Just as sustainability reporting demands a rigour that’s familiar from financial reporting, core disciplines such as data structure, definition, collection, storage and quality assurance won’t bring any surprises. What’s new and unknown for many businesses is the different and broader scope of data being collected, and what such data say about the company’s role in, and impact on, the planet and society.

Ultimately, the value of such systems reflects a company’s readiness for reporting. Getting there might require significant business transformation, but the extent – and corresponding benefits – can be flexible. At very least, businesses must become ready to comply with global and local regulations, to avoid penalties and negative auditors’ opinions (and reputational damage). A more ambitious approach is to work across the whole value chain to decarbonise, reduce waste and become more circular and socially responsible. Ultimately, a strategic vision built around sustainability can lead to innovative, sustainable products, services and business models, which yield new offerings and reach new customers.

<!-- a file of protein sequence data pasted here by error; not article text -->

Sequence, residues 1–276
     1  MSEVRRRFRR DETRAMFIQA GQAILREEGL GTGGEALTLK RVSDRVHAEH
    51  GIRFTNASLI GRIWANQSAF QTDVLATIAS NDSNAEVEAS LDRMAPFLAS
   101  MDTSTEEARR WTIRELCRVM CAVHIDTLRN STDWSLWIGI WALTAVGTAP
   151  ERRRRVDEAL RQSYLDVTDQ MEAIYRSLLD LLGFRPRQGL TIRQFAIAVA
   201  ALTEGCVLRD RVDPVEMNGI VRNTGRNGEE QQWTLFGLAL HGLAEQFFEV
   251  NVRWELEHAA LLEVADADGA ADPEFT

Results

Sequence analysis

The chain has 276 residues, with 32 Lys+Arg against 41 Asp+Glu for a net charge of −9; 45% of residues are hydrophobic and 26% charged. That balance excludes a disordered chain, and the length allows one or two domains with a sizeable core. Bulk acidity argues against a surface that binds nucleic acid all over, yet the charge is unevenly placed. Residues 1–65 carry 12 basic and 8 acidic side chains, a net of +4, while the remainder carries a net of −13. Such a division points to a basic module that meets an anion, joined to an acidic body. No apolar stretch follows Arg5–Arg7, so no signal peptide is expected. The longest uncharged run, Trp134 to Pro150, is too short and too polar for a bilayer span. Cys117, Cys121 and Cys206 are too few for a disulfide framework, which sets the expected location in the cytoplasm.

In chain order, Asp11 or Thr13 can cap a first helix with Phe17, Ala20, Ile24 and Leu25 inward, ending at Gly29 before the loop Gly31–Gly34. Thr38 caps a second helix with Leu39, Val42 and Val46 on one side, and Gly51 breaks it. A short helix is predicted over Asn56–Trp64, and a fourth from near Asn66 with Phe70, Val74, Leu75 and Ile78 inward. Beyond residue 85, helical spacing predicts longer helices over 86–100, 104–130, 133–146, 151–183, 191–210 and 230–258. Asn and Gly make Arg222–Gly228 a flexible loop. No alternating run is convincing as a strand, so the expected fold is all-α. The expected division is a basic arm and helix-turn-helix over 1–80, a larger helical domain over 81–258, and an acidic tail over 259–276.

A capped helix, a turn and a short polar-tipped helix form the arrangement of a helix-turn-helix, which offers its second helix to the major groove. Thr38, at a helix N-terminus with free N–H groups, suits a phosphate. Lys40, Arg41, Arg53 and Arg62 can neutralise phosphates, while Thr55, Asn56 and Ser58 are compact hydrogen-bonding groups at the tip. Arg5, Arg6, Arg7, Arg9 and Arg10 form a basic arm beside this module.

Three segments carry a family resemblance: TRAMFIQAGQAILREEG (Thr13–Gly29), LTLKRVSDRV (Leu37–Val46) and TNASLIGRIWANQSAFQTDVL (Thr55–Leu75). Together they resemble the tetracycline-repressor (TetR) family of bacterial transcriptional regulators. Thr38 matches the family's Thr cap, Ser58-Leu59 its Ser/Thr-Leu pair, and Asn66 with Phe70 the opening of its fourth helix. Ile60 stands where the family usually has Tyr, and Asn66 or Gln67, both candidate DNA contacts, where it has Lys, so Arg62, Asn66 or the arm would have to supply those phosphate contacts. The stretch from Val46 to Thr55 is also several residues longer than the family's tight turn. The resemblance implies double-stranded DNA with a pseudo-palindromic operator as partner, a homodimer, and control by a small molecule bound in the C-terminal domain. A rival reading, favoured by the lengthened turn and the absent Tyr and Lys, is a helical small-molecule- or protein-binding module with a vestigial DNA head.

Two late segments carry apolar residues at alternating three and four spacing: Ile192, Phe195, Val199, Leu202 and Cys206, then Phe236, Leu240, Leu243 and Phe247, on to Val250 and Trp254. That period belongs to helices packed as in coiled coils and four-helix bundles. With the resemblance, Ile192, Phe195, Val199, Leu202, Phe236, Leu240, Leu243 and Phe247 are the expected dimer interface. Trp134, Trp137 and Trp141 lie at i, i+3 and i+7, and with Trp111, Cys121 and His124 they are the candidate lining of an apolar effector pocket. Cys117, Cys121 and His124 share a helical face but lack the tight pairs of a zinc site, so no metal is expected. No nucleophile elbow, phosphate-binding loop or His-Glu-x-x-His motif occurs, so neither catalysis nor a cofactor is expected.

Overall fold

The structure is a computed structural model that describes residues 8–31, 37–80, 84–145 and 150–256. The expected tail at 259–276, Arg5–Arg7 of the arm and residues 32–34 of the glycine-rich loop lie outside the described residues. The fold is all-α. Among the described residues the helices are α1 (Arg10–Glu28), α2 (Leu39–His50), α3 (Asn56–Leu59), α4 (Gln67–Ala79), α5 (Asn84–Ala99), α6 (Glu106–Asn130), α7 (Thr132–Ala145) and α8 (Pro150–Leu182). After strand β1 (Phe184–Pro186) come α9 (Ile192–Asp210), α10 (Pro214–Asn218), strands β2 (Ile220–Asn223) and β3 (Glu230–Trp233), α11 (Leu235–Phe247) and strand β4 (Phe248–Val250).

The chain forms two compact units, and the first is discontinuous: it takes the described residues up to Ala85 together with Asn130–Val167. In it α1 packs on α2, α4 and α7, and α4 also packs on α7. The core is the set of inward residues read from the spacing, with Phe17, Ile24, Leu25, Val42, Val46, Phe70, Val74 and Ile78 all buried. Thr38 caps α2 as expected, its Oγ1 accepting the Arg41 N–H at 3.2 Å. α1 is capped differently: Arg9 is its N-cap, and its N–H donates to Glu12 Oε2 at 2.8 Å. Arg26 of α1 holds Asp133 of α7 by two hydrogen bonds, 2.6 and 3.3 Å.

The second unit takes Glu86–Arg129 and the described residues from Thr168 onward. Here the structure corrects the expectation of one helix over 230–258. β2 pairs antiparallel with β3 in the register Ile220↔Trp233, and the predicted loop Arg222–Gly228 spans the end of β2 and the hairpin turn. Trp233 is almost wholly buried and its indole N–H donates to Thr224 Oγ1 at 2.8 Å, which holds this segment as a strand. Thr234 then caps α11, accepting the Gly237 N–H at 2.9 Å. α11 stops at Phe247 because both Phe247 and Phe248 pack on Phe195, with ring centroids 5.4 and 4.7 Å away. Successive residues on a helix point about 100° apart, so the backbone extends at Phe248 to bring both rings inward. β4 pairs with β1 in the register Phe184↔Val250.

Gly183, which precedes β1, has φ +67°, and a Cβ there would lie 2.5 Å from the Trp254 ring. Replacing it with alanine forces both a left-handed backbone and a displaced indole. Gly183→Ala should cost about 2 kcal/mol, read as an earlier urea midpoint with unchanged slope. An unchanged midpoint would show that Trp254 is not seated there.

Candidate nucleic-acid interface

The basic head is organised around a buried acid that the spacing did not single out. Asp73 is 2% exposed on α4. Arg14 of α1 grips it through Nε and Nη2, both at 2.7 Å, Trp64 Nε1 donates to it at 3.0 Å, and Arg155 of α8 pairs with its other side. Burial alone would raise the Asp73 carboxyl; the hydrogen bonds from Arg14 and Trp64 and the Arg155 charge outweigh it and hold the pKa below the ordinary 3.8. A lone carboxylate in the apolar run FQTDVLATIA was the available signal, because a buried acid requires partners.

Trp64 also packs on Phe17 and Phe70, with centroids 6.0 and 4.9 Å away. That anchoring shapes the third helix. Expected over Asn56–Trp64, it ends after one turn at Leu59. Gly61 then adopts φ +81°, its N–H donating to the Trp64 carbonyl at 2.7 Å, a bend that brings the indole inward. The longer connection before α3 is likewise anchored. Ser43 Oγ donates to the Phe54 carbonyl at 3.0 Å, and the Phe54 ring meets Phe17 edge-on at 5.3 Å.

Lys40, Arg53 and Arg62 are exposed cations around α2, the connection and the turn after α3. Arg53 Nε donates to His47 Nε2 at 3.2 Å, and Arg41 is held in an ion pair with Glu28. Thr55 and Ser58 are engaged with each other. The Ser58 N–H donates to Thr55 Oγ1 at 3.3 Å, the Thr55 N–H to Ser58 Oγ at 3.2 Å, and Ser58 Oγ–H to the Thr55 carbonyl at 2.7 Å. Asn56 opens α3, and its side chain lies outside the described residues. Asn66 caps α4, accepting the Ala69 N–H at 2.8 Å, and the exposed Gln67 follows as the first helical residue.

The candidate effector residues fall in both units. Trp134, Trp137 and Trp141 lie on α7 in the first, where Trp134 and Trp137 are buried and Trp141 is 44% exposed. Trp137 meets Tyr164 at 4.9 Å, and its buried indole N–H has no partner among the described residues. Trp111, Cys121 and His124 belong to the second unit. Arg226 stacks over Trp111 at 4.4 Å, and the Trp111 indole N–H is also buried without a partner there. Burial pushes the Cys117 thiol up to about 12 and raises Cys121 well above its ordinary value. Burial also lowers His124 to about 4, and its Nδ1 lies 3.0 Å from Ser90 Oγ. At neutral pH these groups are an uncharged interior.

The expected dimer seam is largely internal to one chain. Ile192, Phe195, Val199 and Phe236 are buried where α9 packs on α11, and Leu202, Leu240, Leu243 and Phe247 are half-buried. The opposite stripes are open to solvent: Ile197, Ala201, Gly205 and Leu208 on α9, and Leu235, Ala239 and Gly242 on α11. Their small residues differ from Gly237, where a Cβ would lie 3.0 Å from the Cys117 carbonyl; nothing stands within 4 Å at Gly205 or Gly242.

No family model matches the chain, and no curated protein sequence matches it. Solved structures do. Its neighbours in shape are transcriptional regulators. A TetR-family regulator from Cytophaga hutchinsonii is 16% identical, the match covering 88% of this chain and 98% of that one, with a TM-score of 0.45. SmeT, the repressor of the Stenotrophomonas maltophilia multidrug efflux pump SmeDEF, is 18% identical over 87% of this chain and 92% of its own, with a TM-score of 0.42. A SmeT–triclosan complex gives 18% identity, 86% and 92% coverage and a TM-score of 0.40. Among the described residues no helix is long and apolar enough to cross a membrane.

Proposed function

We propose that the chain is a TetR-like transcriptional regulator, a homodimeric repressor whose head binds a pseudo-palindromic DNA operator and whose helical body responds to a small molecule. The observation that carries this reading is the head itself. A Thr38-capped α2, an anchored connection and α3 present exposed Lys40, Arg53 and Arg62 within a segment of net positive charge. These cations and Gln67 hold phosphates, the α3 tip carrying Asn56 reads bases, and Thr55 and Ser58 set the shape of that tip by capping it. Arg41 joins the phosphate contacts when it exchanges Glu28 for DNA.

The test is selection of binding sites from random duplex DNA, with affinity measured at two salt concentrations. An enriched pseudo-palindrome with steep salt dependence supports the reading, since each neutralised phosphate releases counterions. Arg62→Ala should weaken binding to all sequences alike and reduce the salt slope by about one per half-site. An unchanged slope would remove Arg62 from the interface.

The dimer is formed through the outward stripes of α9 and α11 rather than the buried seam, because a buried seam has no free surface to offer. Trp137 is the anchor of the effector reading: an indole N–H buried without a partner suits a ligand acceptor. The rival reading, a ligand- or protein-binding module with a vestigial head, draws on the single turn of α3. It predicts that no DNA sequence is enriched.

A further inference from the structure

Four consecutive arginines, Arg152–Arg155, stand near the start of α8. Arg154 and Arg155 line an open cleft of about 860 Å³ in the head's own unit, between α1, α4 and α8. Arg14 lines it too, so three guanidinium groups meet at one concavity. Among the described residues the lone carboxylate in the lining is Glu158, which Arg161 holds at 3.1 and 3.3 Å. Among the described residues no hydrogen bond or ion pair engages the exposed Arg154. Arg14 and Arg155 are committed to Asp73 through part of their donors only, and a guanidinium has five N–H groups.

Whatever the benefits being sought, boards will need a business case for investment. A decade or so ago, sustainability might have offered market differentiation, competitive advantage and green premiums. Now, simply complying with minimum standards will become a requirement for any large business that wants to stay in the game. Nonetheless, many companies can respond proactively to the need for sustainability reporting, with a transformation that brings strategic business advantages.

While Deloitte can help you present the business case, or plan, design and integrate sustainability reporting into your enterprise systems, the bigger challenge is often getting ready for those. We can also support your whole sustainability journey, from outlining an ESG strategy and driving sustainability across the supply chain, to becoming an organisation that not only gets the best from your systems, but also gets the best from sustainability..